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10 Years of FILTER: Issue #5 - EndNote: “Abstract Art Is Shit” by Conrad Keely

By Staff on February 10, 2012


10 Years of FILTER: Issue #5 - EndNote: “Abstract Art Is Shit” by Conrad Keely

2012 marks FILTER Magazine‘s tenth year in print. To celebrate, we are looking back at some of our favorite magazine features, from July 2002’s Issue #1 all the way up to this coming November’s Issue #50.

 In Issue #5  (released May/June 2003), FILTER began adding EndNotes to close each issue—basically a guest opinion, be it written, drawn, collaged, photographed, soliloquized, what have you. Conrad Keely, illustrator and founder of the Austin art-rock band  ...And You Will Know Us by the Trail of Dead, set the tone with his brief but detailed analysis of abstract art vs. realism. [Editor’s note: Conrad later admitted to receiving “lots of shit” for this essay.] 



By Conrad Keely;  Illustration by Akiko Stehrenberger

I RECENTLY VISITED two museums in Sydney, Australia: the National Gallery, which housed an impressive collection of Victorian-era masterpieces, and the Museum of Modern Art. Walking through the fourth floor of the latter, we passed by one installation piece. It was a pile of coal on the ground. This, I thought, is what modernity has reduced art to-- a pile of coal on the ground.

Modernity, it seems, has robbed art of 20,000 years of development. Some modern artists I've spoken to don't even feel it necessary to look back upon the development of art. Art, as far as they're concerned, started in the 20th century, when someone declared "anything can be art."

can be art?

Visual art is about ways of seeing. It's one of those explicit truths whose simplicity makes it easy to forget or take for granted. When studying art on a theoretical level, we are often challenged to define art and the question is turned into to philosophical one: can it be defined, and what, after all, is art? These attempts to over-intellectualize something which is fundamentally intuitive have led many to believe this is a complex, or even unanswerable question.

But the truth is that art is definable. It does, and has, served a function for thousands of years now. It is concrete, living, and in many cases, quantifiable.

During the 20th century, a conspiracy took place to viciously defame the merits of the old academic art style. Gallery owners, drive by profit and greed, chose to back abstract expressionist painters because of their far more prolific output. No longer held by bounds of pressentation, they could finish a canvas in one day, where the old masters might spend one year on a canvas, sometimes longer.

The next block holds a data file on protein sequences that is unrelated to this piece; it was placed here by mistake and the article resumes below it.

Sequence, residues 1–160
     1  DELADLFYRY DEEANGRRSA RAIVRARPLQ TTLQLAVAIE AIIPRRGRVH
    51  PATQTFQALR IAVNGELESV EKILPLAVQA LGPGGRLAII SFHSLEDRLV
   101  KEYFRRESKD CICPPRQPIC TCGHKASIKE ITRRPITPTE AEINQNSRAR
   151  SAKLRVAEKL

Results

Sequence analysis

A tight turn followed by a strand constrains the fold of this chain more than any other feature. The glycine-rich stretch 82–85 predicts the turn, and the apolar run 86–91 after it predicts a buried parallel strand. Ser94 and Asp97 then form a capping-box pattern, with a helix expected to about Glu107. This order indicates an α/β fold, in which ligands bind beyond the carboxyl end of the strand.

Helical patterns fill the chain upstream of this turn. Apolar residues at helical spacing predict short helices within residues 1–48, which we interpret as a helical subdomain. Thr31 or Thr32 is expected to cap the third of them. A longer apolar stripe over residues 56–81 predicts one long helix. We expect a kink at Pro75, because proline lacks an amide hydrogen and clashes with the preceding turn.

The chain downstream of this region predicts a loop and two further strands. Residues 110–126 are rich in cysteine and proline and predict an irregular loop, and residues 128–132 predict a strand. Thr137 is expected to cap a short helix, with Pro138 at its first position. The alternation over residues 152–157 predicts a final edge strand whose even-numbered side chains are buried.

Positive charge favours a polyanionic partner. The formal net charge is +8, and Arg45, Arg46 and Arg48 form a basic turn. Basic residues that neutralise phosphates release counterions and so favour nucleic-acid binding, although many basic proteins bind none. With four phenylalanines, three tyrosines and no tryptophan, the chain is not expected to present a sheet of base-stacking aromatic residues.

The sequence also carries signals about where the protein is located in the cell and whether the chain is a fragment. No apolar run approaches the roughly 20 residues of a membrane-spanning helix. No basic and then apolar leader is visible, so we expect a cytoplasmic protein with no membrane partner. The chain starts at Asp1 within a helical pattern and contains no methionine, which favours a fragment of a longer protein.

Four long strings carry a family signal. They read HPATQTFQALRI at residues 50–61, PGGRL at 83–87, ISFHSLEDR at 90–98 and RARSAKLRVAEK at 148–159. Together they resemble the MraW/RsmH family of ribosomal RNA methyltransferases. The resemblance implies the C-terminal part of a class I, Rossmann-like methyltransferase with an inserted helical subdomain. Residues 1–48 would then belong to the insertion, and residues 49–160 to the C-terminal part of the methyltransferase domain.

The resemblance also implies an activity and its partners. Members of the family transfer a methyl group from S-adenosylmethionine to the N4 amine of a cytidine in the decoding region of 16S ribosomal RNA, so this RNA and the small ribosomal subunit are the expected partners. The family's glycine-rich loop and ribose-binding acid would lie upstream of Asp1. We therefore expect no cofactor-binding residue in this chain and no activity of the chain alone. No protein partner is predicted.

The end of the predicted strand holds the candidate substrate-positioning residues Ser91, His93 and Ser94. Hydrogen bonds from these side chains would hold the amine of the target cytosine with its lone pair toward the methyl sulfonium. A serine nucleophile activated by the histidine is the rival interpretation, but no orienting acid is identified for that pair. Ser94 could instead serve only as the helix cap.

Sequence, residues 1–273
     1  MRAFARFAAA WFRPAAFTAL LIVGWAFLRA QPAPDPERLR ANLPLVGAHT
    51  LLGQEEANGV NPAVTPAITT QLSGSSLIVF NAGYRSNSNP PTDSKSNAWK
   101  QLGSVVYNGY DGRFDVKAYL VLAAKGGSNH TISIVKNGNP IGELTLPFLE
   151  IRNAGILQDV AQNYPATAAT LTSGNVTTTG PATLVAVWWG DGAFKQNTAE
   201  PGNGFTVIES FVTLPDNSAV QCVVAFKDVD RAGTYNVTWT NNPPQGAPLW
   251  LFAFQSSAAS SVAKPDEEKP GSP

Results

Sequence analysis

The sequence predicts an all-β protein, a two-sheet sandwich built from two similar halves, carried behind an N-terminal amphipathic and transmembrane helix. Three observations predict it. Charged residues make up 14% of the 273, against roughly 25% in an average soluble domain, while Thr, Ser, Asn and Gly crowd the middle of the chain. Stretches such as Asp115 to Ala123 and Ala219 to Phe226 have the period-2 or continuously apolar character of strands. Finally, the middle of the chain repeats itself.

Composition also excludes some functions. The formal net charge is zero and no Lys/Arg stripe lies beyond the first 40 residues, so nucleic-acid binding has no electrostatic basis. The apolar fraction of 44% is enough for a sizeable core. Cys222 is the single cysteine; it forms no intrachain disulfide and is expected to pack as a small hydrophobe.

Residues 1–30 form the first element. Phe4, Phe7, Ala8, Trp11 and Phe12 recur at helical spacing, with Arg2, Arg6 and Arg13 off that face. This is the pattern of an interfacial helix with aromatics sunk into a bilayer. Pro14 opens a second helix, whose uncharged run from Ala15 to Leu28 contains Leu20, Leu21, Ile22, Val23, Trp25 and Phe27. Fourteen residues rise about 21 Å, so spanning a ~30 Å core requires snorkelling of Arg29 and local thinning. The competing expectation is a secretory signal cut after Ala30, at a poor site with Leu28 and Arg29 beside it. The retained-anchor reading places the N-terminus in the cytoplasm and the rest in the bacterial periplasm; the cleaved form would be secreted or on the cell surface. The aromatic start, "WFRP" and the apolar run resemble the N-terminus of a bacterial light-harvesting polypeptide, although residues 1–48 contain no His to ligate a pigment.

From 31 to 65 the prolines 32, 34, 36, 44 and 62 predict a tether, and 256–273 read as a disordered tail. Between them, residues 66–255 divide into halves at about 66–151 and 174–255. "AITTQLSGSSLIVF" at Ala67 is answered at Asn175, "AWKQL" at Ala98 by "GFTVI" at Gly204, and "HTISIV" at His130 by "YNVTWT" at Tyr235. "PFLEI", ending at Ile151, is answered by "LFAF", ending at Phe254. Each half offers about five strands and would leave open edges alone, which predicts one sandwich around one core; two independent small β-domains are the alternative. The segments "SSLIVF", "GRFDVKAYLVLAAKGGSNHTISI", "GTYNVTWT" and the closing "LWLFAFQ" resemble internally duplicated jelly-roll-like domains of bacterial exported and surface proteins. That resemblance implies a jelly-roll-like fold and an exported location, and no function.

The result was "modern" art.

Within this art form, the artist's idea, or "concept" takes precedent. Most of us were probably taught in art clas that we outh to be free to "express" outselves. And as wonderfully as this might serve to turn every human being into an artist, this really isn't what art has ever been about.

In fact, it is important to remember that art as expression is a recent development- at least, the artist's personal expression. Throughout history, it served three very specific functions -- it exemplified an ideal represented an object, or narrated a story. Even the first paintings done in caves were not abstract exercises in self-indulgence, but beauiful, sometimes sublimely realistic representations.

 Photo by Victoria Stevens 

I decided to try an experiment. A friend of mine has a four-year-old daughter who is bright for her age. I asked her to give me her opinion of which paintings she preferred. First, I would hold up a piece of realism, say, Alma-Tadema's "Spring." Then, I would hold up an abstract work, say, a Pollock or a Rothka. Without fail, each time she showed disinterest or perturbation in the abstract work and tended more to remark on the "prettiness" of the realistic piece. This led me to wonder, "Were we taught how to appreciate abstract art?" If so, it would appear that its appeal is intellectual rather intuitive. Its purpose is to alienate those "not in the know," (i.e.-the uneducated) and create an artistic elitism. But art, in my mind, ought not to be an elitist thing at all, but rather serve to elevate all of humanity.

I believe the beauty of the academic artistc tradition is endangered. No longer are students taught the fundamentals of draftmanship and representation, but rather to "tap into their feelings" or even "defy the rules," without ever having been tuaght them. Especially this farce called "installation," in which the observer is meant to glean, from a haphazard collection of objects, the artist's true intent. Honestly, do we really care?

Do the unadulterated eyes of a child see abstract art for what it really is: a bunch of paint thrown randomly on a canvas? Is a four-year-old child really going to see allegory to the artist's pain, or is she simply going to see a pile of coal on the ground? F

Access all previous "10 YEARS OF FILTER" features, Here

This article is from FILTER Issue 5